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How to Track Consignment Sales in inFlow

Posted by ThomasLast Updated April 19th, 2024
— 5 minutes reading

There are some distinct advantages to consignment sales, but one of the major downsides is that it can be difficult to track inventory across multiple locations.

This can quickly become confusing if you know you have five green dresses left in stock, but you’re just not sure which store is currently holding them.

If you’re not familiar with consignment and what it involves, we’ve already written an article about why you might want to consider it for your small business. But here’s a really quick recap: selling on consignment means that you keep some of your product in someone else’s shop.

Your product can be seen by more people, and in turn, the shop doesn’t have to buy your product up front. When the product sells, the shop (the consignee) will turn that revenue over to you, minus their commission, which is usually a dollar amount or percentage of the sale.

In this post, we’ll focus on inFlow-specific tips to help you better track your inventory when some of it is on consignment. We’ll assume your small business make dresses just so we can talk about a concrete product. By the end of this post you’ll have a good idea of how to track:

  • which products are in which store
  • how long a set of products has been in a store
  • the various pricing schemes for each store (because you’ll likely have different deals with each store)

How to track inventory on consignment

The first step is to create new Locations and name them after each store that you have consignment deals with. So if you’re providing a few dresses to Clothing-mart, then name a location after them.

Then use the Transfer Stock window to move dresses from your main warehouse to Clothing-mart. The great thing about using Transfer Stock is that it can record when you sent the product over and when Clothing-mart actually received it.

By using locations and the Transfer Stock feature, you’ll have a good record of which dresses are there. You’ll also be able to tell how long they’ve been there, which is useful in case your deals are for a set amount of time.

The nitty gritty of consignment sales

When you sell on consignment, the store (the consignee) will get a portion of the sale price as their commission. This commission is decided beforehand, and it usually comes down to a set dollar amount or a percentage of the sale price.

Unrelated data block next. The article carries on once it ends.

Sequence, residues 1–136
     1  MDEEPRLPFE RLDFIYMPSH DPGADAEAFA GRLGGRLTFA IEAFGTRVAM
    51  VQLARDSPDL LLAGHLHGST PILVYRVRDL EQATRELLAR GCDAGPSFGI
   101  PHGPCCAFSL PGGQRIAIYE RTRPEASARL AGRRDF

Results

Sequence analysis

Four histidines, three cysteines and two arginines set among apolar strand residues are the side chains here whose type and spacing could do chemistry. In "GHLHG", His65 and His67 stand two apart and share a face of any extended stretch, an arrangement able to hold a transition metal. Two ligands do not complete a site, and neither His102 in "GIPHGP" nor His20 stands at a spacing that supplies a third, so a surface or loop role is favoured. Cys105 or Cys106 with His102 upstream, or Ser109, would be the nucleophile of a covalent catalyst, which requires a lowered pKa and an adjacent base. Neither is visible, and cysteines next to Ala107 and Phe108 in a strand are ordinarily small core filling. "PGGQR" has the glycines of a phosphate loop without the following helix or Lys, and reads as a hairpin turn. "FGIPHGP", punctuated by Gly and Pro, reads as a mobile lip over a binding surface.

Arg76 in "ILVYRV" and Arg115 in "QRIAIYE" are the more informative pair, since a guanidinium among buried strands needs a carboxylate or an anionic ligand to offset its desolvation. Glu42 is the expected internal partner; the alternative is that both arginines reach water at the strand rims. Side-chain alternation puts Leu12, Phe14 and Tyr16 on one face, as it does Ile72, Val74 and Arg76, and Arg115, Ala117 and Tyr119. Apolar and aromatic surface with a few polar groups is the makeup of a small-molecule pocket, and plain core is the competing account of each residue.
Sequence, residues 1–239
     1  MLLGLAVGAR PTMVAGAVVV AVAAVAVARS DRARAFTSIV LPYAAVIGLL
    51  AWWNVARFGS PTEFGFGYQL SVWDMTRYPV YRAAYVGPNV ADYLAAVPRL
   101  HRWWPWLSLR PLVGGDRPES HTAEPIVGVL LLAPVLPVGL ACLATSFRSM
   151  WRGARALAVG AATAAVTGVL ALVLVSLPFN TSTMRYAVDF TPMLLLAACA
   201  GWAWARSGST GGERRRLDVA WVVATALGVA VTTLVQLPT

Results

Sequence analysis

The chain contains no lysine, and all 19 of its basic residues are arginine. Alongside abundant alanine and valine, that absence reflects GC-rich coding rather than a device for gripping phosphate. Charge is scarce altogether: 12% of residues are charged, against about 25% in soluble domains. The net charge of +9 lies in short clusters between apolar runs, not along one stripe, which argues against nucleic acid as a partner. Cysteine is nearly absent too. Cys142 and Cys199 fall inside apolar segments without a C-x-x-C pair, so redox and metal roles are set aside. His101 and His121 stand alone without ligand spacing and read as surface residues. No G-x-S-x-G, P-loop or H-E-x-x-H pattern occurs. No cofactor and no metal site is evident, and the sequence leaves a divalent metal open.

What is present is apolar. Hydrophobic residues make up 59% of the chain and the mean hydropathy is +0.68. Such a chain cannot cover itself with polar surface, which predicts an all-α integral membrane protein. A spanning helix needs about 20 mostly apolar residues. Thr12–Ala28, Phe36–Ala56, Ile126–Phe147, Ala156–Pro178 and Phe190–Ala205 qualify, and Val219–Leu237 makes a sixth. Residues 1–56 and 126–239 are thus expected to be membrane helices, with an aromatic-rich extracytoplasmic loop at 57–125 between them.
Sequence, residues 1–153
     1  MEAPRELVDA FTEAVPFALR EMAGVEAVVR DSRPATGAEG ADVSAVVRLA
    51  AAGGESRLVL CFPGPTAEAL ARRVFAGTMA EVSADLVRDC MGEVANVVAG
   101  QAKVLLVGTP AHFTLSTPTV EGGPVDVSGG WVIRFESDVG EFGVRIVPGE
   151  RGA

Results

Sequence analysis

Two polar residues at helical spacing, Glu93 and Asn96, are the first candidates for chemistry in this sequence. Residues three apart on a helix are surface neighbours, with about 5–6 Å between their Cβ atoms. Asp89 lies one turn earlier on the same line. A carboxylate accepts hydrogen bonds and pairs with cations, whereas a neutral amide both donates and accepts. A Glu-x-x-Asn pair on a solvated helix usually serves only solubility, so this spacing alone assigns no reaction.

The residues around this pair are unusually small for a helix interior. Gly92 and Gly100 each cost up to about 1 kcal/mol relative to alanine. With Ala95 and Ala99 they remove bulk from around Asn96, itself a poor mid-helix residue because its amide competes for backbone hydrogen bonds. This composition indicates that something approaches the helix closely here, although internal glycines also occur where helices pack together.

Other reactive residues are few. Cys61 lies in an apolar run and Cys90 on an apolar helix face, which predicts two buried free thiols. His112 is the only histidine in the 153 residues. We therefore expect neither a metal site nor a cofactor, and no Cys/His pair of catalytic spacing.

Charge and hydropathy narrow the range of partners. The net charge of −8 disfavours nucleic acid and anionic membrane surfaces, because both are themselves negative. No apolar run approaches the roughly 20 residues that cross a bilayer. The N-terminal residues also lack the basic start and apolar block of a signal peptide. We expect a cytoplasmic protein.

In either case, if Clothing-mart sells a Green Dress for $50.00, you’ll record this by creating a sales order and specify Clothing-mart as the customer. We think it’s easier this way because it allows you to generate reports against Clothing-mart later on, so you can decide if your consignment inventory should stay there or be pulled out.

If Clothing-mart takes a 30 percent cut of each sale, you can add that percentage discount to their customer profile. This will apply an automatic 30% discount to each product on their sales orders. If you’d rather not apply this as a discount, you can also create a new pricing scheme for Clothing-mart that’s 30% less than your default price. You can then add that pricing scheme directly to their customer profile so that it applies automatically on every sale.

If Clothing-mart takes a set dollar amount (let’s say $5.00) of each sale, the easiest way to handle this is to use the Product Pricing window to create a pricing scheme that subtracts $5.00 from your default price. After that you’ll select that pricing scheme to Clothing-mart’s customer profile, and you’re all set.

As a last tip, while you’re in Clothing-mart’s customer profile make sure to set the Default Location to the location called Clothing-mart as well. That will tell inFlow that all of their sales should take directly from that location. With these settings in place, you’ll be in a great position to treat your consignment sales much more like your own sales because you’ve automated a lot of the more complex steps up front.

Reports that help you track consignment sales

inFlow has a lot of reports to use, but we’ve identified these ones in particular are useful for tracking consignment sales.

Inventory by location. Selling on consignment means the stock is yours until it’s actually sold, even if it isn’t physically at your warehouse any more. This inventory report will help you quickly see how much stock is at each of your consignees.

Product Customer Report. Since you’ll set up each consignee as a customer within inFlow, you can run this report to find out which stores are the best sellers of particular products. This makes it much easier to tell that your Green Dress sells much better at Clothing-mart than it does at The Dress Company, so you can allocate more dresses accordingly.

Inventory Movement Details [requires an Advanced/Enterprise plan]. It can be tricky to track how long a store has had a specific set of products for, so you can run this report against a specific location like Clothing-mart and group by Item Name. This will generate a report of when that store received and sold stock, grouped by item. You can glance at the subtotal for each item to see how much of that product is still available at that store, and you can compare the transaction dates to see if certain products have been there too long without being sold.

We hope this workflow post has provided a clearer picture of how you can accurately track your consignment sales with inFlow Cloud. If you’ve got any questions, just leave them in the comments (we do monitor our comments, so you’ll get a reply!).

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